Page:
New method helps direct sharing of content without involving a main communications network, reducing congestion and making data transfer faster
A research team led by faculty from Khalifa University of Science and Technology has developed a method where device-to-device (D2D) communications, combined with caching and non-orthogonal multiple access (NOMA) – a multiple access technique used for 5G cellular wireless networks – can reduce mobile network congestion and make data transfer faster, thus revolutionizing mobile data exchange.
The digital age has seen an unprecedented boom in the consumption of multimedia content, with growth in users fueling the demand for faster and more efficient ways to access content. Today, seamless and quick sharing of digital content is expected. As demand surges, however, networks become clogged, resulting in slower downloads and buffering issues.
Research from Khalifa University may offer a potential solution to this issue. If two smartphones in close proximity could directly share a video without using bandwidth on the main network, this could be the next big leap in mobile data exchange. Enter device-to-device (D2D) communications, combined with caching and non-orthogonal multiple access (NOMA).
Prof. Zhiguo Ding, Department of Electrical Engineering and Computer Science at Khalifa University, with Kevin Shen and Daniel So from the University of Manchester, and Jie Tang, South China University of Technology, has developed a method where D2D communications can be used to allow users to share cached content directly with each other. Their work was published in IEEE Transactions on Wireless Communications, a top 1% journal in applied mathematics.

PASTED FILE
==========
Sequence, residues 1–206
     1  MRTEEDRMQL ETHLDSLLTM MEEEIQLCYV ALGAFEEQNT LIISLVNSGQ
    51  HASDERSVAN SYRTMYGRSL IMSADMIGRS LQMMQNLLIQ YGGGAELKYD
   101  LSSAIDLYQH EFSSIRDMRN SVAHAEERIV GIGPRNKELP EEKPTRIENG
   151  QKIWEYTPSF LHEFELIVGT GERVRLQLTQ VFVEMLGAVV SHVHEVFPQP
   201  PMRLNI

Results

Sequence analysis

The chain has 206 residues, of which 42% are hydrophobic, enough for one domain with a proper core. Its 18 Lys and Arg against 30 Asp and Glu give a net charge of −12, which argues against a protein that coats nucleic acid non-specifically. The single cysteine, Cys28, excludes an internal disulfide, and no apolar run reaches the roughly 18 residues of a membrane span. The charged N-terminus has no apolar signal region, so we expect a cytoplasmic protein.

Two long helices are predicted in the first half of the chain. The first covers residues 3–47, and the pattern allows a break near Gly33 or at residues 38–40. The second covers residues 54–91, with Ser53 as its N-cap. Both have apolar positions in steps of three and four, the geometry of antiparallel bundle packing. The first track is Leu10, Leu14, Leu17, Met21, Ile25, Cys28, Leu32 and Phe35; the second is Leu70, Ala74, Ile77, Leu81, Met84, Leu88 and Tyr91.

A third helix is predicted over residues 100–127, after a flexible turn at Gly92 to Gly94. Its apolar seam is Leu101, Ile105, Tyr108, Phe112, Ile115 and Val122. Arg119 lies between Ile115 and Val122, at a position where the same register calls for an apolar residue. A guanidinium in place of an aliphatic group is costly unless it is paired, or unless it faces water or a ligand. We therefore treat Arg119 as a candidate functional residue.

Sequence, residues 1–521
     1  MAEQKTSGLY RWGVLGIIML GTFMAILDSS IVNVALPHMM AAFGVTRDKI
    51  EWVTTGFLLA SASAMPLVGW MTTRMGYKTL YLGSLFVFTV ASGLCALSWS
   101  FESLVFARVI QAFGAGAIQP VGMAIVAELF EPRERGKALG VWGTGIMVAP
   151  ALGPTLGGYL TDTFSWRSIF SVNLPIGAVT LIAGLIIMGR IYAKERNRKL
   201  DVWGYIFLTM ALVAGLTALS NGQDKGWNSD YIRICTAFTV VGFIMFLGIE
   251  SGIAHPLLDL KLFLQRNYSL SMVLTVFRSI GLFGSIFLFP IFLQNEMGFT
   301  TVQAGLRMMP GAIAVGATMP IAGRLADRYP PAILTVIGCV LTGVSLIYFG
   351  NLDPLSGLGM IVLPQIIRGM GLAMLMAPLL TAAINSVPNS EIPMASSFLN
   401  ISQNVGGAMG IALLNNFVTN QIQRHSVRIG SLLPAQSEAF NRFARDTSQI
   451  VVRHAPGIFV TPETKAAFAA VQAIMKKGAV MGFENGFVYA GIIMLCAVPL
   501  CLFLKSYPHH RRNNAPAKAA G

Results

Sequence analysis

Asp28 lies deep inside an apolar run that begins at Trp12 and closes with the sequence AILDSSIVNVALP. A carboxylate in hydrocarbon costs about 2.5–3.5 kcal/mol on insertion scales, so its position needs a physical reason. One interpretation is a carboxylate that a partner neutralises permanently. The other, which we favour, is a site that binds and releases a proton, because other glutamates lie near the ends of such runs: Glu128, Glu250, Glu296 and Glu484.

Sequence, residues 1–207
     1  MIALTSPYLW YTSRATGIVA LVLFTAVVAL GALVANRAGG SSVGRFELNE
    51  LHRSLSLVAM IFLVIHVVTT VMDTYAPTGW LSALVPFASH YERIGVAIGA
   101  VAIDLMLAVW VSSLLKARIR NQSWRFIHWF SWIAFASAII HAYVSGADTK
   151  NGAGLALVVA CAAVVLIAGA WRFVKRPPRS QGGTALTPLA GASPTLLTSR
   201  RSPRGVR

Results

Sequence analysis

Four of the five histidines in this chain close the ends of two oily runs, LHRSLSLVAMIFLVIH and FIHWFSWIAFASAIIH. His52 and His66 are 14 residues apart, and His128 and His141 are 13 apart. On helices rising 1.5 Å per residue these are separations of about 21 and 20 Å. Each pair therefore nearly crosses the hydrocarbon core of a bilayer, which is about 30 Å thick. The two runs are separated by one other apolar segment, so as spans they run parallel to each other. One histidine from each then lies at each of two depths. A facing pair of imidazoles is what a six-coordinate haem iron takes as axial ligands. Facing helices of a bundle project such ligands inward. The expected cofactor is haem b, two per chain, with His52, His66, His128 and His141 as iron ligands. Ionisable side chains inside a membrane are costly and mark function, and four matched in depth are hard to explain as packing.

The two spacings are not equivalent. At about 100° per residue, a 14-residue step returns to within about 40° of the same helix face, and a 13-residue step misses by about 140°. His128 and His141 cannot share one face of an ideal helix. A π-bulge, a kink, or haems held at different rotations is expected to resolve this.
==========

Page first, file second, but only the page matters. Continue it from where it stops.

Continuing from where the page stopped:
The idea behind caching is straightforward: Store popular or regularly accessed content closer to users. This reduces network congestion and enables faster access. By placing these caches at local access points or even directly on a user’s device, the time taken to fetch a requested file can be drastically reduced. This also reduces the burden on the main network, which can then better handle other tasks. This caching method is now a significant area of focus for researchers aiming to enhance user experience and overall network performance.
NOMA technology goes hand in hand with caching, aiming to increase the efficiency of networks by allowing multiple users to access resources simultaneously. The research team developed a simple power allocation method for D2D communications to maximize efficiency and ensure optimal sharing without making things too complicated. Their model is particularly effective when one user with a stronger network connection has content wanted by a user with a weaker connection. Even when the roles are reversed, their method still outperforms traditional NOMA set ups.
“If the content you want isn’t in your personal device’s cache, there’s a good chance nearby users might have it on theirs,” Prof. Ding explained. “This is where D2D communication becomes a game-changer. Instead of every user individually accessing a central server, D2D allows users to share content directly with each other, bypassing the main network. This not only speeds up access but also further alleviates network congestion.”
The research team’s solution introduces a system where users share partially cached content directly through D2D while the rest comes from NOMA in a power-efficient manner. Even if a device can’t store a full video, for example, it can store parts of it, and with D2D, share those parts directly with another user, making the entire process faster.
As the demand for rapid data sharing continues to grow, technology needs to adapt to meet that demand. While the current model focuses on fixed minimum rate requirements, future research will pivot to flexible rate constraints or minimizing total transmission times based on cached data.
18 September 2023